However, the Government’s efforts in overcoming climate change do not seem to have yielded much results. The failure of this effort is even experienced by the rest of the world. Finance Minister Sri Mulyani said this happened because no value was given to air pollution such as carbon dioxide emissions. According to her, it is necessary to change the methodology in setting prices and overcome the problem of non-standardized carbon prices in the market [2].

The government is preparing two Presidential Regulations (Perpres), namely on carbon trading (economic value of carbon) or carbon pricing and new and renewable energy (NRE) tariffs as a form of support for environmental-based economic development so that GHG emissions into the atmosphere can be reduced. The two regulations were announced when the Indonesian Minister of Finance spoke at the 2020 Climate Conference held by the Green Climate Fund (GCF) on October 14, 2020.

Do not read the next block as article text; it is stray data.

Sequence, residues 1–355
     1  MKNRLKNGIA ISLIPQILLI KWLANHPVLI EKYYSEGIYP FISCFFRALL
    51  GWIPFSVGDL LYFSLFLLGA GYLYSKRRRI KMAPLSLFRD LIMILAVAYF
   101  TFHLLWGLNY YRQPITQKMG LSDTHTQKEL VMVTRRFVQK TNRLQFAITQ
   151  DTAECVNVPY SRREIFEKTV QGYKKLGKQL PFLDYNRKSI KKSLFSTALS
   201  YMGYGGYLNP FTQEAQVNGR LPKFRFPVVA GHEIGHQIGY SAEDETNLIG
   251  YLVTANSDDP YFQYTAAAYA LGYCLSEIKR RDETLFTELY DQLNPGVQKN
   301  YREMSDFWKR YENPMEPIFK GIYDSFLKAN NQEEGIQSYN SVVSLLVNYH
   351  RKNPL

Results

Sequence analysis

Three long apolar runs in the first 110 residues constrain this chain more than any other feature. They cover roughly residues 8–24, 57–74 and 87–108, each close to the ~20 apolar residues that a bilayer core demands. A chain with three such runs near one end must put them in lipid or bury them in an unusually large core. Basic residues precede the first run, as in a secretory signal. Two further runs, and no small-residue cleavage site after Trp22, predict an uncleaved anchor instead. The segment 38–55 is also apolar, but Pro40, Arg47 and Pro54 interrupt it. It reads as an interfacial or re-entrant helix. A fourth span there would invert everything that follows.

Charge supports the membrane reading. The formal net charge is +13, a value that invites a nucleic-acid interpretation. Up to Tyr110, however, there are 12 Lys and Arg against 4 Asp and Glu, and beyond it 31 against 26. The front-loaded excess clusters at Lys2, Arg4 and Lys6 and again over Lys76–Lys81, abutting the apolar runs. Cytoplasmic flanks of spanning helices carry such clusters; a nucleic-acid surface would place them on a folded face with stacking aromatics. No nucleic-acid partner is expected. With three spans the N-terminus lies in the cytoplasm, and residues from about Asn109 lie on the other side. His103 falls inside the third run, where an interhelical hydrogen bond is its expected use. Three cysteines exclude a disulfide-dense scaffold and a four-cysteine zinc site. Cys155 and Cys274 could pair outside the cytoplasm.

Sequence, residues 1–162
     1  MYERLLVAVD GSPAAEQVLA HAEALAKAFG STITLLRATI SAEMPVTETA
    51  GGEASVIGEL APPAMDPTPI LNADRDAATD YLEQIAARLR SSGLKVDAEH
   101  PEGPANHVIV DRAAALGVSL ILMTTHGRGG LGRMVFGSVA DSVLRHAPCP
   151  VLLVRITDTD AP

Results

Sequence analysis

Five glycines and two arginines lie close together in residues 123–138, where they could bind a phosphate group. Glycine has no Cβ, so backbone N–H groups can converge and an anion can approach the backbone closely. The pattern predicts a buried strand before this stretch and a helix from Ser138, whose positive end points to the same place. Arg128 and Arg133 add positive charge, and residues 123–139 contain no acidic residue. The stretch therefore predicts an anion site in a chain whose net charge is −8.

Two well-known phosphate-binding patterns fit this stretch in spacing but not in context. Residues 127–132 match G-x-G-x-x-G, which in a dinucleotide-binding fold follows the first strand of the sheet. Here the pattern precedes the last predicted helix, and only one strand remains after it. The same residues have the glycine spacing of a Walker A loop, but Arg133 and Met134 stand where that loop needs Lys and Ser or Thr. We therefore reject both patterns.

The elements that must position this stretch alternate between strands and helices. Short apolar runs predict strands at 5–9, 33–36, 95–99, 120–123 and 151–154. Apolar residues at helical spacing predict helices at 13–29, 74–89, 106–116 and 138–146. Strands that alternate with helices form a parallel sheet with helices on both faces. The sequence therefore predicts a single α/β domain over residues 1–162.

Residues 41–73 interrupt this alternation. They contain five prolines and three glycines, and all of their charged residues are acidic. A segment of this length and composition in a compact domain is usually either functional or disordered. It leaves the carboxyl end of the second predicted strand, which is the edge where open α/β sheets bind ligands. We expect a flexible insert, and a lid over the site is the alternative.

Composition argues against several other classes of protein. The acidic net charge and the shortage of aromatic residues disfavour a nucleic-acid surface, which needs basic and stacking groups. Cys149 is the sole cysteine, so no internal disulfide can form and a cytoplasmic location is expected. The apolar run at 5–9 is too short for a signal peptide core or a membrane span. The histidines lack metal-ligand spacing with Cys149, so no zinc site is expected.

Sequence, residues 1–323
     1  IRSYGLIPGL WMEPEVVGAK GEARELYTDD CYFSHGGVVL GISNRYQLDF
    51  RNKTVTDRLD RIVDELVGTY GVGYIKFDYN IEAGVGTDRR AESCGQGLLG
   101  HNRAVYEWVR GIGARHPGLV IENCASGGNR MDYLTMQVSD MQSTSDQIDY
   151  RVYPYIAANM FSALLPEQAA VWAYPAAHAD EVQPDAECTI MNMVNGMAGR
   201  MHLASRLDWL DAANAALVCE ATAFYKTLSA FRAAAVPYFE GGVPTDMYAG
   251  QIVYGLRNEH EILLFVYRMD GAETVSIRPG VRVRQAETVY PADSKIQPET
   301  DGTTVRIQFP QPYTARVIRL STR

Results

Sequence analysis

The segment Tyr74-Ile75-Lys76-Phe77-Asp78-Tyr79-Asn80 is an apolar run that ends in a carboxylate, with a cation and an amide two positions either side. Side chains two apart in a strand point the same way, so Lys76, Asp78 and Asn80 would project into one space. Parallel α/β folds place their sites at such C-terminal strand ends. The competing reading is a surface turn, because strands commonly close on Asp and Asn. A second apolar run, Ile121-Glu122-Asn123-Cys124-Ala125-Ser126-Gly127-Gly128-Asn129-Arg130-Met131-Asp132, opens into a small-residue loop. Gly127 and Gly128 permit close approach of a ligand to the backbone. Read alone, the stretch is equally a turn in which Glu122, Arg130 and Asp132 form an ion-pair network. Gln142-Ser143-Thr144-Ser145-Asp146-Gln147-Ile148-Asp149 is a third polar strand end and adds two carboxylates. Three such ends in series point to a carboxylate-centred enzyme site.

Normatively, the Presidential Regulation on carbon trading is expected to become a legal umbrella for the legal vacuum in implementing the domestic carbon market. Because, this issue is not covered by  Law no. 16/2016 concerning the Ratification of the Paris Agreement. Moreover, ratification laws in nature bind the countries entering into those agreements or outgoing binding, and cannot be a national basis as long as there are no regulations that details the technical implementation domestically. Therefore, the presence of presidential regulation a quo is expected to be the legal basis as well as the operational basis for the stipulation of Law no. 16/2016.